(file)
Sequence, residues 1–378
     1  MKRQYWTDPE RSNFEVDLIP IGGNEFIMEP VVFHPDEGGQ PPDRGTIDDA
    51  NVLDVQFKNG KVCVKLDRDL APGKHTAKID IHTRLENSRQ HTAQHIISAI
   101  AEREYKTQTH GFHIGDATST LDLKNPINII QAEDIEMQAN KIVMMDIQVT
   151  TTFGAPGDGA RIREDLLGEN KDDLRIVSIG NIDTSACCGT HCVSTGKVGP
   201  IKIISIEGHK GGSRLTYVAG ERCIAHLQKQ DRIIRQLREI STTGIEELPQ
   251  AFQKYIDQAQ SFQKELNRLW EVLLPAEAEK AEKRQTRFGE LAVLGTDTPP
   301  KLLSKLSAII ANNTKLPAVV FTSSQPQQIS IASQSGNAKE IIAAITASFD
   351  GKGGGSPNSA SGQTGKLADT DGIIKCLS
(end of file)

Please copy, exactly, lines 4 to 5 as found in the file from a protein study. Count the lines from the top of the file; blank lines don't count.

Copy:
   101  AEREYKTQTH GFHIGDATST LDLKNPINII QAEDIEMQAN KIVMMDIQVT
   151  TTFGAPGDGA RIREDLLGEN KDDLRIVSIG NIDTSACCGT HCVSTGKVGP